First Ladies Often Forge Food Trends, But Melania's Menu Is A Mystery
In a photo for GQ earlier this year, Melania Trump sat in a white dress at a white table posed with a fork and spoon, twirling a thick platinum rope necklace in a bowl like a piece of bucatini.
While we know the future first lady subsists on more than precious metals, we know little about her food preferences – except that she eats seven pieces of fruit a day. Given this, it's impossible to discern how or if she will affect the culinary tone of the White House and the country at large—a role that typically falls to the first lady.
Indeed, food was on Michelle Obama's agenda before she got to 1600 Pennsylvania Ave. According to Sam Kass, the Obama's former chef dating back to their Chicago days, the family was like all busy families — struggling to get healthy meals on the table for the kids.
"The first lady carried a lot of stress about making sure their daughters were getting what they needed to be healthy," says Kass, who went on to spend six years working with both Obamas at the White House. "That was the underpinning of where our approach and philosophies started to bond."
Kass changed the Obama's diet—more fruits, vegetables, and whole grains; less processed foods and desserts. As first lady, Michelle Obama passionately told her family's culinary story, especially how it benefited the health of her girls. She and Kass turned to broader health initiatives beyond the first family's table. They grew a vegetable garden on the South Lawn, launched the health and lifestyle initiative "Let's Move," tackled school lunch reform and redrew the United States Department of Agriculture's food pyramid as a simplified icon called "My Plate."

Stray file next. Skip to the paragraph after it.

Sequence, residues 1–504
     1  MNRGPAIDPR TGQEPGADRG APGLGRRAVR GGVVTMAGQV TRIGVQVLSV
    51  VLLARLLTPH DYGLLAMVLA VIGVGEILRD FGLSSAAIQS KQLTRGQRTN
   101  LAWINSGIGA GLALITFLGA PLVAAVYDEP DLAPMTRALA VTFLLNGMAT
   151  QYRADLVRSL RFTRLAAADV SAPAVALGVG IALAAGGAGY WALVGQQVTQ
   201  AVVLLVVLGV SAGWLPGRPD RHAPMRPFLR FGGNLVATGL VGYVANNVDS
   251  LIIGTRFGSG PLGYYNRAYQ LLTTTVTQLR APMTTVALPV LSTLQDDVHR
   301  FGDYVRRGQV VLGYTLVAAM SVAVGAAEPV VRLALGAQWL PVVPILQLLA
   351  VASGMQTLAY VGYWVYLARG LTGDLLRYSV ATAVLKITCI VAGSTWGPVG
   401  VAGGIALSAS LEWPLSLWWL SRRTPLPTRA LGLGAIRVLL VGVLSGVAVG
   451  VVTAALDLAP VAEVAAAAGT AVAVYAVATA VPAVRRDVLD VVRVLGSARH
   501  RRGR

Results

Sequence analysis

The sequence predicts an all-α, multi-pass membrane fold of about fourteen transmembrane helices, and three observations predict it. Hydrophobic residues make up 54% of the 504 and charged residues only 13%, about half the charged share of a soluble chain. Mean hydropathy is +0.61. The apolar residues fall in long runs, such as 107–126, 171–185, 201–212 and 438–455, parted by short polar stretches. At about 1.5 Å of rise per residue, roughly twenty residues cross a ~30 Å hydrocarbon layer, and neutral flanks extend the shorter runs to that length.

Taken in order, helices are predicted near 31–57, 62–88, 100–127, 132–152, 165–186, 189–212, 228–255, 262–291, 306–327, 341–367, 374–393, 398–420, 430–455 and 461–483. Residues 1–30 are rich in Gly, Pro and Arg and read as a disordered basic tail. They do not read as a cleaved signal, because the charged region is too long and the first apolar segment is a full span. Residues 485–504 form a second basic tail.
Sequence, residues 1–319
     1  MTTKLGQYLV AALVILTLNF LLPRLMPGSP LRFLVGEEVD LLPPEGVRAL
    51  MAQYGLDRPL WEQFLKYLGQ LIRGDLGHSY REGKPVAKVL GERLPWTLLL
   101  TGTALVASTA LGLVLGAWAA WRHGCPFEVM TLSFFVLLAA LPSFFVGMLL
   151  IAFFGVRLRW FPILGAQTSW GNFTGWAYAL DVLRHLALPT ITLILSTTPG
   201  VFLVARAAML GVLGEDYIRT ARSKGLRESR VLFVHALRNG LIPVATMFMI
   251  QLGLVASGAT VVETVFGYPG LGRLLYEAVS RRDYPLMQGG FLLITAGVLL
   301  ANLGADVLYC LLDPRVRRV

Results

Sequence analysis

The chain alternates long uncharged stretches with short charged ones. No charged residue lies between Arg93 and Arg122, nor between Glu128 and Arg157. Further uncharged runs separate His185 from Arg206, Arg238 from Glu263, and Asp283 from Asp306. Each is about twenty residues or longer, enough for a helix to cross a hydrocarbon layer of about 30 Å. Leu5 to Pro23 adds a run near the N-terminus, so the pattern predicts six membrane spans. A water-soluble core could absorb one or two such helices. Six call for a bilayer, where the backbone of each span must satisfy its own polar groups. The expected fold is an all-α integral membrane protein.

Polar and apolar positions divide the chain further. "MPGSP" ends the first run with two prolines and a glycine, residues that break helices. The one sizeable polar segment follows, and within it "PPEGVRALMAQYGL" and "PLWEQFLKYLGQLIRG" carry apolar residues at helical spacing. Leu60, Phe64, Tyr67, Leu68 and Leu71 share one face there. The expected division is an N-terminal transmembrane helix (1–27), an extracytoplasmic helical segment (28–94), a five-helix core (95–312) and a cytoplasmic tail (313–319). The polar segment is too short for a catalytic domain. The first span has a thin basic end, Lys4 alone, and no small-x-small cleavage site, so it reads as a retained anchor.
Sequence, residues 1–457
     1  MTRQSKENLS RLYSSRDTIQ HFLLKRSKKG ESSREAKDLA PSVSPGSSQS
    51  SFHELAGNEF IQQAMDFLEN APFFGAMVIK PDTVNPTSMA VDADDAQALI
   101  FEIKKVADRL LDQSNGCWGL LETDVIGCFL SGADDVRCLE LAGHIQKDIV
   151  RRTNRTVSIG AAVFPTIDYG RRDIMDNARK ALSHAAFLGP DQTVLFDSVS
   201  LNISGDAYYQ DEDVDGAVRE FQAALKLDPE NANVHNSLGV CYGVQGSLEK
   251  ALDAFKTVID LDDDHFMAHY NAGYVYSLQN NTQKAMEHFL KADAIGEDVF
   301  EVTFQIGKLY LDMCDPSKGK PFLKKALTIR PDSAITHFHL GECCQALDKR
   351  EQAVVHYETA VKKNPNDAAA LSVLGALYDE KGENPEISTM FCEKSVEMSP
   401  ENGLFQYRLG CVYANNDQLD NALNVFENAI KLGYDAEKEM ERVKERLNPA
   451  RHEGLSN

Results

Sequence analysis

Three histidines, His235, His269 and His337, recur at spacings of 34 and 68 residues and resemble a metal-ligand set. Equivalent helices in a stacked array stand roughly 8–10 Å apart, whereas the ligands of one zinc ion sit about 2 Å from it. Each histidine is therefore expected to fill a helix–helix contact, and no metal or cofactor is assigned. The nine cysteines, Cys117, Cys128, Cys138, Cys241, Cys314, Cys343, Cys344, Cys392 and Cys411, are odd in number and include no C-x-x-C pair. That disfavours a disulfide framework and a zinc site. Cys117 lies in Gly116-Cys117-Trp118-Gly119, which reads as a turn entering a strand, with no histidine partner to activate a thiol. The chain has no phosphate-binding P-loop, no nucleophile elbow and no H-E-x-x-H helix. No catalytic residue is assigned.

Kass recalls making the family dinner the night after the "My Plate" announcement. "The First Lady came into the kitchen and said, 'So, we're asking everybody across the country to make their plate look like "My Plate." Every plate coming out of this kitchen better look like "My Plate.""
Michelle Obama has arguably prioritized healthier national eating habits more than any other FLOTUS in history. Past first ladies have had a range of appetites for politicizing the national fork, and the era dictates the initiative. During the Great Depression, Eleanor Roosevelt oversaw a White House of culinary austerity (and infamously bad food). With the help of Cornell University's School of Home Economics, she devised seven-and-a-half-cent meals, designed for both nutrition and economy, and shared these with President Franklin D. Roosevelt and their guests.
"It wasn't about flavor," says National First Ladies' Library historian Carl Anthony. "It was about simple, economic and nutritious. It was an important statement for that time."
Eleanor Roosevelt did have one defining culinary pleasure: She liked to cook scrambled eggs herself in a chafing dish that was brought to her along with the ingredients. The Roosevelt Sunday supper consisted of the first lady's eggs, cold meat, salad and dessert from the kitchen.